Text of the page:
The Schulze Method is a voting systems that has some nice properties setting it apart from other, more widely used voting systems. Wikipedia has a rather short list of users showing that pretty much only the Pirate Parties, Linux Distributions and other development groups, but also some student governments at universities use it.

As part of an assignment for a course we had to implement this method. I will show my implementation below and explain how I did it.

The Schulze Method defines $d\left[V,W\right]$ to be the number of voters preferring $V$ to candidate $W$. This "function" was implemented using a Python dictionary. The terse syntax Python provides enables us to access the elements literally the same way we do in the mathematical definition.

Let's assume the preference relations are expressed as a list of tuples, specifying the number of voters having this preference relation and a string of candidates (represented by a character) from top to bottom.

Our first step is to calculate the set of candidates. This is easy, as each preference relation is assumed to contain all candidates, so we can just setify one of these (the easiest is the first).

```
candidates = set(preferences[0][1])
```

`dict.fromkeys`

creates a dictionary with the keys given in the parameter,
optionally setting the values to the second parameter (we use `0`

):

```
d = dict.fromkeys([(a,b) for a in candidates for b in candidates if a != b], 0)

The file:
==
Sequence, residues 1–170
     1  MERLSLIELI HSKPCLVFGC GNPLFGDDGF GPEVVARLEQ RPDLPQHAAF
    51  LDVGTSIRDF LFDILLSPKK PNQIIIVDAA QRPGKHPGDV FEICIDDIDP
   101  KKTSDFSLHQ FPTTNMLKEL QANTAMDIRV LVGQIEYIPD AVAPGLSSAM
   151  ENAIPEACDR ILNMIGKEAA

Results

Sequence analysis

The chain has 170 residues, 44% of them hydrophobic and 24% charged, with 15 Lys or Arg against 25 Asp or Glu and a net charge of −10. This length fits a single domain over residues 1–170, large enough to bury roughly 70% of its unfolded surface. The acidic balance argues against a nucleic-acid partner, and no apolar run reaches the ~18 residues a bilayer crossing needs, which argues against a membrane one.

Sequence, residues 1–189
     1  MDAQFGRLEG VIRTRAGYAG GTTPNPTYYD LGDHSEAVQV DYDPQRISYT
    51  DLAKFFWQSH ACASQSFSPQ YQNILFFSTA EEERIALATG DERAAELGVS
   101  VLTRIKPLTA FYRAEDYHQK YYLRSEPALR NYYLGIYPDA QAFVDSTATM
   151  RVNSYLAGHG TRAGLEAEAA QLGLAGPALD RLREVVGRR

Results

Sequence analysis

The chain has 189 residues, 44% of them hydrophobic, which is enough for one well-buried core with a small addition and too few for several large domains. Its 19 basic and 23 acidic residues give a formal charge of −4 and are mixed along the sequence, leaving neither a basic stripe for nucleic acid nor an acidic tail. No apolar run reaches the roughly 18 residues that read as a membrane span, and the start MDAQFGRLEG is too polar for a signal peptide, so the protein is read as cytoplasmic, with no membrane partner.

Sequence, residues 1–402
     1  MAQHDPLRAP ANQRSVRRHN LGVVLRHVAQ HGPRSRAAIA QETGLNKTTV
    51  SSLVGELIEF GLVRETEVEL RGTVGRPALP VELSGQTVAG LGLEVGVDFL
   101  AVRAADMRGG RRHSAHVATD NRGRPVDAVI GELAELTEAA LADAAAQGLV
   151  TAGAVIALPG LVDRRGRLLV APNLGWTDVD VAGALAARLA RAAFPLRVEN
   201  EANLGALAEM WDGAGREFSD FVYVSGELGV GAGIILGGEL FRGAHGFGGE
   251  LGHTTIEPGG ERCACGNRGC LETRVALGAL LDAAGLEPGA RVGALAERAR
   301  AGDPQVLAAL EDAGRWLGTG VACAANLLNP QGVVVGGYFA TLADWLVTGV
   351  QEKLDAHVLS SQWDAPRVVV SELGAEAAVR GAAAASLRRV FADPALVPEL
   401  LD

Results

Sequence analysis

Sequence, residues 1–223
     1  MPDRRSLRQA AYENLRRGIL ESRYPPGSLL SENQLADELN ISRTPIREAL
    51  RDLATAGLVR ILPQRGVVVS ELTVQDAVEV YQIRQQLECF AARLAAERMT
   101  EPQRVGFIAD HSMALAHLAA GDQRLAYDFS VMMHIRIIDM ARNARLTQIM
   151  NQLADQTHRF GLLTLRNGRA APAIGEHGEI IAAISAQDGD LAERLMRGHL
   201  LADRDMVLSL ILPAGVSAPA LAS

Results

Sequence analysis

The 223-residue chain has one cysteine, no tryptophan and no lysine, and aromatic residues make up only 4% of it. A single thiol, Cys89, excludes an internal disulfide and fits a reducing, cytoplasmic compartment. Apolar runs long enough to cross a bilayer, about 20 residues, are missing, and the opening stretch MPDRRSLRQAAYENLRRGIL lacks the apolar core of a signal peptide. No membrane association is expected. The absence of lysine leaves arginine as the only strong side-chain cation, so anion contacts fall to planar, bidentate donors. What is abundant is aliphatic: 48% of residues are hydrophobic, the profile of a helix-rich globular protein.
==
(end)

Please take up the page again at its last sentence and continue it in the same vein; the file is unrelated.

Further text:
```

This line reads a lot like the equivalent algebraic notation:$d\left[V,W\right]=0\phantom{\rule{2ex}{0ex}}\forall a\forall b\phantom{\rule{1ex}{0ex}}a\in C,\phantom{\rule{1ex}{0ex}}b\in C,\phantom{\rule{1ex}{0ex}}a\ne b$. The syntactical feature used here is called list comprehensions.

The next step is to count each time candidate `A`

was preferred to candidate
`B`

. A candidate is preferred if it appears before the other in the preference
relation string, e.g. if the string is `"ABC"`

, `A`

is preferred to `B`

and to
`C`

, but also `B`

is preferred to `C`

. If five voters use the relation
mentioned above, $d\left[V,W\right]$ will be increased by 5.

```
for (weight, relation) in preferences:
localWinnings = [(relation[index], localLoser) for index in range(len(relation) - 1) for localLoser in relation[index+1:]]
for pair in localWinnings:
d[pair] += weight
```

We can ignore the path $X,Y$ if the reverse path has at least the same width:
```
python
for pair in d:
if d[pair] <= d[swap(pair)]:
d[pair] = 0
```

We now have to iterate over all the possible paths, to find out which is the widest from each start to each end.

```
for (i, j, k) in [(a,b,c) for a in candidates for b in candidates for c in candidates if a != b and a != c and b != c]:
indirectPathWidth = min(d[i, j], d[j,k])
directPathWidth = d[i,k]
if indirectPathWidth > directPathWidth:
d[i,k] = indirectPathWidth
return candidates - {pair[0] for pair in d if d[pair] < d[swap(pair)]}
```